A survey has found a vast majority of UK independent financial advisers (IFAs) have received new clients since the implementation of the FOFA-like Retail Distribution Review (RDR) in January.
According the survey of 223 British IFAs by financial services consumer rating website VouchedFor, 97 per cent of respondents have taken on new clients since the introduction of the new rules, which saw restrictions on conflicted remuneration and product commissions among other reforms.
Of those new clients, 40 per cent were not only new to the business but new to financial advice, the survey revealed.
A further 81 per cent of respondents said they had not lost a single client, while only 10 per cent recorded a client in business year-on-year from 2012.
VouchedFor founder Adam Price said the findings fly in the face of suggestions that DIY investing is booming in the UK at the expense of the professional advice industry, since the RDR implementation date.
“In actual fact, the IFA market is growing and the effects of fee transparency have on the whole been very positive,” he told the Financial Times.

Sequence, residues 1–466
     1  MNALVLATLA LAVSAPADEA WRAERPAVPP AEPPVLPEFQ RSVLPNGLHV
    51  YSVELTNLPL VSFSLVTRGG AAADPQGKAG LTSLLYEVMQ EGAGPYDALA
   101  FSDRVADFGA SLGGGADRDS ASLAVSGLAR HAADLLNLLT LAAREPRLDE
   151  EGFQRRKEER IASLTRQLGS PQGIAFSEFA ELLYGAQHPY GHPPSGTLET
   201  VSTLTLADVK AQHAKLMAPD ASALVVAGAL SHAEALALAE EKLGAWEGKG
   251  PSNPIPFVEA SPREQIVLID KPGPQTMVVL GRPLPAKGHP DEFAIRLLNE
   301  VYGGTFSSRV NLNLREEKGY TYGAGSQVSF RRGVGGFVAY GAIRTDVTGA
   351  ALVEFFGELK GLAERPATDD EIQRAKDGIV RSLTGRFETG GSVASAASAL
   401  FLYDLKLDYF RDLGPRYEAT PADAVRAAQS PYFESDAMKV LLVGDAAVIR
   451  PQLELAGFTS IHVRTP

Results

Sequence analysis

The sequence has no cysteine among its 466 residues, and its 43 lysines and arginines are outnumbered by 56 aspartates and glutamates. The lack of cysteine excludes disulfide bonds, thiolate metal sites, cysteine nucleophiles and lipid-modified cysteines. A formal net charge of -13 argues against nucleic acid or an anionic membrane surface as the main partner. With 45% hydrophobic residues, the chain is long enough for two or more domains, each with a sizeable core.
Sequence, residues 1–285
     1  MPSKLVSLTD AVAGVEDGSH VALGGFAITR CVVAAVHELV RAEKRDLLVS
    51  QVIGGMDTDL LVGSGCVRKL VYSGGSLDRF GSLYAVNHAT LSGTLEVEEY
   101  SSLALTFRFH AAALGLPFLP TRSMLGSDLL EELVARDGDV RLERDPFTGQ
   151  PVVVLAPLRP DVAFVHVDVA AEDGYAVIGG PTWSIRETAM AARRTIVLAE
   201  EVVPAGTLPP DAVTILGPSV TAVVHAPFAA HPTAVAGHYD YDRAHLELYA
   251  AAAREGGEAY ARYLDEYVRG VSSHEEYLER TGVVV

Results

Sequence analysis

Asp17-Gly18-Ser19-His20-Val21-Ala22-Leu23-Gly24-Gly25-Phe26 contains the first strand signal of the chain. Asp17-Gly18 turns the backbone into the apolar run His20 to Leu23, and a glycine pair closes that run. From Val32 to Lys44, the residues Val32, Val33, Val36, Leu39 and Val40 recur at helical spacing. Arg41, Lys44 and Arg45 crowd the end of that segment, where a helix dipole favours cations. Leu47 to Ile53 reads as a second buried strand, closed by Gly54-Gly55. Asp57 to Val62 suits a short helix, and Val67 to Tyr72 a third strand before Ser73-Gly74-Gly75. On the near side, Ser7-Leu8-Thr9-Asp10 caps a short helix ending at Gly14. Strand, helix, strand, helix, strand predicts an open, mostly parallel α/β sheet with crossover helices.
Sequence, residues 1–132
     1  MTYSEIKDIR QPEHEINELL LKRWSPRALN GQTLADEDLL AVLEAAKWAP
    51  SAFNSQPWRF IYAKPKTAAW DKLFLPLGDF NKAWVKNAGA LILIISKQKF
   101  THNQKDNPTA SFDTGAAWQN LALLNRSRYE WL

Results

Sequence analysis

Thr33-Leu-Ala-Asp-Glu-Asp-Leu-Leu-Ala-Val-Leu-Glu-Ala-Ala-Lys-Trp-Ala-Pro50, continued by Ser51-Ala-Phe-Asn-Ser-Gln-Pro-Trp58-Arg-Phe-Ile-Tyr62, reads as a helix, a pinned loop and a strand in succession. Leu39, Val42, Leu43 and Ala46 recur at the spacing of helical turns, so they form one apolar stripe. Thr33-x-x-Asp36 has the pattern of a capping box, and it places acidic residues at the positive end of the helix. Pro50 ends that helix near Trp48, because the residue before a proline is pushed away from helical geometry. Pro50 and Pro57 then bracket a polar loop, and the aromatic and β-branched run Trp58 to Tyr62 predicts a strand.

“Providing clients with information about fees from the outset undoubtedly helps to demystify what, for many, is a very complicated market.
“With the pending bank advice service closures about to create an unprecedented influx of new clients looking for advice, savvy IFAs can use their new transparent status to attract new business.”
The survey follows a number of recent closures of UK bank retail advice offerings, with 450 job cuts announced by AXA UK and similar department closures by the NAB-owned Yorkshire and Clydesdale banks.
SUBSCRIBE TO THE IFA DAILY BULLETIN
- 21 Aug 2017Advisers key to ‘living the dream’: FPABy Staff Reporter
- 21 Aug 2017US IFA history repeats itself in AustraliaBy Killian Plastow
- 21 Aug 2017Licensees need greater scrutiny, PJC hearsBy Larissa Waterson
- 18 Aug 2017ASIC permanently bans former AMP adviserBy Staff Reporter
- 18 Aug 2017IRESS announces first half resultsBy Jessica Yun
- 18 Aug 2017Banks the key to closing advice gap, Tria saysBy Larissa Waterson
- view all